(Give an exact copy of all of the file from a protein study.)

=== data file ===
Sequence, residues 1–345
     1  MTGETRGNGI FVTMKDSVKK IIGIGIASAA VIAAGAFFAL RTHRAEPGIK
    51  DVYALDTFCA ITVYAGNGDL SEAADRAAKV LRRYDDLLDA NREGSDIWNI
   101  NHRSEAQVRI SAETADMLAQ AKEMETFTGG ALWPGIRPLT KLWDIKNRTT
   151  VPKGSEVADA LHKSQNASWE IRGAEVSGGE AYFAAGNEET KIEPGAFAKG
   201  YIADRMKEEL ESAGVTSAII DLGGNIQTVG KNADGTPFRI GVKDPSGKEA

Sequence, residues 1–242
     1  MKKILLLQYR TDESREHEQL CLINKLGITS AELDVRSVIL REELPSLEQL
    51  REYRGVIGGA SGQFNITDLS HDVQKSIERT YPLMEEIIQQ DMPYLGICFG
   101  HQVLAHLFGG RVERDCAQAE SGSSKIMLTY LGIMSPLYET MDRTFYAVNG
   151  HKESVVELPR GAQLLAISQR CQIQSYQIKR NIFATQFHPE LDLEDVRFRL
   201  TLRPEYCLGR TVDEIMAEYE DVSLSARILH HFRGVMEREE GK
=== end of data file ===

Sequence, residues 1–345
     1  MTGETRGNGI FVTMKDSVKK IIGIGIASAA VIAAGAFFAL RTHRAEPGIK
    51  DVYALDTFCA ITVYAGNGDL SEAADRAAKV LRRYDDLLDA NREGSDIWNI
   101  NHRSEAQVRI SAETADMLAQ AKEMETFTGG ALWPGIRPLT KLWDIKNRTT
   151  VPKGSEVADA LHKSQNASWE IRGAEVSGGE AYFAAGNEET KIEPGAFAKG
   201  YIADRMKEEL ESAGVTSAII DLGGNIQTVG KNADGTPFRI GVKDPSGKEA

Sequence, residues 1–242
     1  MKKILLLQYR TDESREHEQL CLINKLGITS AELDVRSVIL REELPSLEQL
    51  REYRGVIGGA SGQFNITDLS HDVQKSIERT YPLMEEIIQQ DMPYLGICFG
   101  HQVLAHLFGG RVERDCAQAE SGSSKIMLTY LGIMSPLYET MDRTFYAVNG
   151  HKESVVELPR GAQLLAISQR CQIQSYQIKR NIFATQFHPE LDLEDVRFRL
   201  TLRPEYCLGR TVDEIMAEYE DVSLSARILH HFRGVMEREE GK